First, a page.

I did not test either one, but Cuisinart also makes a round Dutch oven in a 5-quart capacity and a 5.5-quart oval oven. The smaller round version is too small for what most people need, and while the oval version offers a good overall size, the narrow ends can be too small to accommodate larger cuts of meat for searing. Like Lodge and Le Creuset, Cuisinart offers a lifetime repair/replacement warranty on its enameled cast-iron cookware.
*At the time of publishing, the price was $320.
In testing, the Le Creuset turned out perfectly caramelized onions, tender rice that didn’t scorch even when purposely overcooked, and a flavorful, concentrated broth with a total evaporation of 13.79 percent. The cooking surface is about a half inch larger than that of the Lodge, which makes searing batches of stew meat easier. And like our top pick, the Le Creuset’s light interior makes it easy to monitor browning.
The Le Creuset also comes with a lifetime warranty. Even if the fault is yours, the company will generally offer you a replacement for 75 percent off the suggested retail price, as The Sweethome’s Christine Cyr Clisset found out when she sent her chipped pot into Le Creuset’s warranty department.
No one will tell you that Le Creuset’s Dutch oven is bad. Cook’s Illustrated likes it, giving it a perfect score. Amazon shoppers like it, and Fine Cooking likes it, calling Le Creuset “reliable and indestructible.” But the Le Creuset costs nearly six times as much as the Lodge, and I didn’t find that it cooked any better.
For most people, the higher price is probably not worth it. But, if you have to have the absolute best, and you use a Dutch oven several times a week, the Le Creuset’s larger handles and additional surface area may be worth the splurge.
There’s a reason cast-iron cookware gets handed down across generations—it’s durable and it lasts forever. Enameled cast iron is a little bit more delicate than the bare-metal variety, but it’s also easier to clean and maintain. The biggest concern is cracking or chipping the finish, so you should take care not to use metal utensils in an enameled piece. Instead, stick to wood, silicone, or other soft tools.
Take a small amount of care when heating cast-iron cookware. Most are safe up to 500°F (some Le Creuset come with knobs that are safe only up to 390°F, but the Dutch ovens now feature new knobs rated up to 500°F). Low to medium heat is recommended, and manufacturers tell you not to heat an empty oven—although there are plenty of home-baked bread recipes that utilize a Dutch oven as a cooking vessel. But … do so at your own risk.
You should be wary of thermal shock, which can lead to the cast iron cracking or warping, and possibly chipping the enamel. Just remember not to take a hot pot and toss it into a sink of cold water. Before washing cast iron, let it cool first.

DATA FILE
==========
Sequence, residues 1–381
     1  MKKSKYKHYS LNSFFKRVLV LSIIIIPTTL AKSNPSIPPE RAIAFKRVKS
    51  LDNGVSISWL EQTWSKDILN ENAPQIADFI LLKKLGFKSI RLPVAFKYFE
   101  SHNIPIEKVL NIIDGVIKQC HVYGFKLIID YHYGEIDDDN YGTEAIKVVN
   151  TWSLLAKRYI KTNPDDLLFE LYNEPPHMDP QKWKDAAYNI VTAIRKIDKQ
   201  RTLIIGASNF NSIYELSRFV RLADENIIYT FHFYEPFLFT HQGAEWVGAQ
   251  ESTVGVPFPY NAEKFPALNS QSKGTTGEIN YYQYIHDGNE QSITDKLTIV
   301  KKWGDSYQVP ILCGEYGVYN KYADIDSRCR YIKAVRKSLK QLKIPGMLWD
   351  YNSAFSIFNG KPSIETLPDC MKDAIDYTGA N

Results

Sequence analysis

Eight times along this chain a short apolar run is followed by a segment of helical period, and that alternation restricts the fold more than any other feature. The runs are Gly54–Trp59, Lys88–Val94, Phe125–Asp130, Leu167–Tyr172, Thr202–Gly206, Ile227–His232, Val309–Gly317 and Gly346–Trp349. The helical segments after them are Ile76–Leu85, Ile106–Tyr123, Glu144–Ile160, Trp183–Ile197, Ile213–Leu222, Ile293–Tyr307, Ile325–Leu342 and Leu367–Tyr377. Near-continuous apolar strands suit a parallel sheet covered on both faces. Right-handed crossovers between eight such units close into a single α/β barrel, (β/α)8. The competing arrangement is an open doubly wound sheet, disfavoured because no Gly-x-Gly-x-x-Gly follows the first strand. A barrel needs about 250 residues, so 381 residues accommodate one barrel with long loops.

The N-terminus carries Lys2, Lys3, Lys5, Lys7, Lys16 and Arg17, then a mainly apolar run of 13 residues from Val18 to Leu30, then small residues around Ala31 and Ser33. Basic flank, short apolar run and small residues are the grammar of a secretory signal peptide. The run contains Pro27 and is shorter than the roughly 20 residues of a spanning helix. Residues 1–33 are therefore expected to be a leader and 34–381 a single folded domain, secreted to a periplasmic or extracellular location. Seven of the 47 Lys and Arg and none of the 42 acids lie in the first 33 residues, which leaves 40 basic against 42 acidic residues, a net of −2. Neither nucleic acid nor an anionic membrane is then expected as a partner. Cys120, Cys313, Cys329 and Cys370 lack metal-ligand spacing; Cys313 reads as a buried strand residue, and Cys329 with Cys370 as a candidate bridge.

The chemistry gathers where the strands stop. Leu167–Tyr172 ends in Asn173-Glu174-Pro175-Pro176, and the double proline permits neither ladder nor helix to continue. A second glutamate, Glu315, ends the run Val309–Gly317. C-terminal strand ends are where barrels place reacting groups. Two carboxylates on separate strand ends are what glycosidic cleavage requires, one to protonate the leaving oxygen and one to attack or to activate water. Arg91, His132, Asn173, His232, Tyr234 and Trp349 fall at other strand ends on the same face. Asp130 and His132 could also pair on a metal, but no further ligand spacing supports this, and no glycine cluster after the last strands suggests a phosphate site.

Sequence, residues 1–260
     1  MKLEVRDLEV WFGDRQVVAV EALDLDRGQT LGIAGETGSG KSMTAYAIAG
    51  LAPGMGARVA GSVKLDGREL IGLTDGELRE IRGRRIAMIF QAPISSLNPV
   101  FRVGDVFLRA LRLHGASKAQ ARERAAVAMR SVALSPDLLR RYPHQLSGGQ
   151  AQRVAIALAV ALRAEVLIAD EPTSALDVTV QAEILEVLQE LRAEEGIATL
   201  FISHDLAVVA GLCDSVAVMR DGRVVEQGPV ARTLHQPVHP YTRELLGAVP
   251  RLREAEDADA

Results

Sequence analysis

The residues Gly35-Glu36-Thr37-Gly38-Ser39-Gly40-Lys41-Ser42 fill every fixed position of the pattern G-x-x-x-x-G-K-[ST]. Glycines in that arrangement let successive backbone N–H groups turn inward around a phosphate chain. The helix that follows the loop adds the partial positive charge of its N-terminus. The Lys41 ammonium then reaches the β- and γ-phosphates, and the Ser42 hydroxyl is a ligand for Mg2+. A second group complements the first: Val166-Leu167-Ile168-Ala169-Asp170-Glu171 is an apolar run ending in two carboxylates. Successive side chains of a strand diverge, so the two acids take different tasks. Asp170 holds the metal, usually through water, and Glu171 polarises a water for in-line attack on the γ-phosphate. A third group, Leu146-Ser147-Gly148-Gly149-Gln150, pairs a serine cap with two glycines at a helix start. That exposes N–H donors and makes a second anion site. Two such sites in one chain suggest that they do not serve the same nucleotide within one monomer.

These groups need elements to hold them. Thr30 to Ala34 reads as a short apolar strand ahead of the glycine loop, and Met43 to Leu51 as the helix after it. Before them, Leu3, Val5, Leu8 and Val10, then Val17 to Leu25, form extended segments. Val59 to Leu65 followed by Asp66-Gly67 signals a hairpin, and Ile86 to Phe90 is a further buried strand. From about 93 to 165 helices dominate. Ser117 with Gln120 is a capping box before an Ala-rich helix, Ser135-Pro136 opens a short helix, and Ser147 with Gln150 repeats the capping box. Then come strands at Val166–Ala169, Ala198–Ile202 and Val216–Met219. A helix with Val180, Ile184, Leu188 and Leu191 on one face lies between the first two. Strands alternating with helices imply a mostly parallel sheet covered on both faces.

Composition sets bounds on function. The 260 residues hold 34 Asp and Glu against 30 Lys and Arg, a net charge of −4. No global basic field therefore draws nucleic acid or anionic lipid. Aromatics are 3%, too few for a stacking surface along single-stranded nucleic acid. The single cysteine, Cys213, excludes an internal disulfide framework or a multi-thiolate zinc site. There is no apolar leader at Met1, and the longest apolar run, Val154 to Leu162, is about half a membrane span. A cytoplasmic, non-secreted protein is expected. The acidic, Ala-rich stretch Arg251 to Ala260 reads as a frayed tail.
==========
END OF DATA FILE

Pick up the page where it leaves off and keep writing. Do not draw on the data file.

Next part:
Lisa McManus of Cook’s Illustrated told us that any enameled cast iron is prone to tiny chips, cracks, and discoloration—even the Le Creuset pots used in the Test Kitchen—but “none of that affects cooking performance, if they’re small.”
Lodge recommends cleaning with nylon pads or scrapers rather than metal ones. The light-colored interiors of most enameled cast iron can darken slightly with use, but you can remove stains by scrubbing with a baking soda paste or soaking in a light bleach solution for a few hours. Le Creuset offers similar advice (while plugging their own Le Creuset liquid cleaner instead of abrasive cleaners).
And don’t forget, these things are heavy, can chip countertops, and break tiles and/or toes if dropped.
Staub 5-Quart Round Cocotte: The biggest drawback of the Staub is its dark, slightly textured interior. Staub intends for their matte interior to become seasoned over time. We found it difficult to judge the color of seared meat or caramelized onions against the dark finish, which also tended to grab on to food particles and usually required harder and more lengthy scrubbing to get clean. The Staub’s signature “self-basting spikes” (which are meant to retain moisture in the pot) seemed to trap too much liquid, leaving our stew watery. The Staub doesn’t have the extra performance to warrant its significantly higher price.
Tramontina 6.5-Quart Covered Round Dutch Oven: Relative to the other Dutch ovens, Tramontina’s is narrow and tall. It’s 10⅛ inches wide, while the similar-capacity Kirkland model is an inch wider. It’s a small but crucial difference, making the Tramontina less convenient for browning and offering less usable capacity for dealing with larger cuts of meat or larger quantities of ingredients. It’s priced similarly to our winner, but the shape makes it less usable.
Marquette Castings 6-quart Dutch Oven: For our 2016 update, we tried this pot, which is from the new company Marquette Castings. It has roomy handles and a wide cooking surface, which we liked. But when we caramelized onions, a black scorch spot developed on the interior of the pot and our onions turned out muddy looking. Additionally, the knob on the lid is uncomfortable to grasp.
Kirkland Signature 6.5-Quart Enameled Cast Iron Round French Oven: Last year we tried this French-made pot from Costco. It cooked nicely, but we didn’t like its dark interior or its small tab handles. It was out of stock when we last updated this guide.
Mario Batali by Dansk Classic Enameled Cast Iron 6-Quart Dutch Oven: This didn’t have many reviews when we first researched it. With a price north of $100, we decided we had better options for less money to focus our efforts on.
No more losers.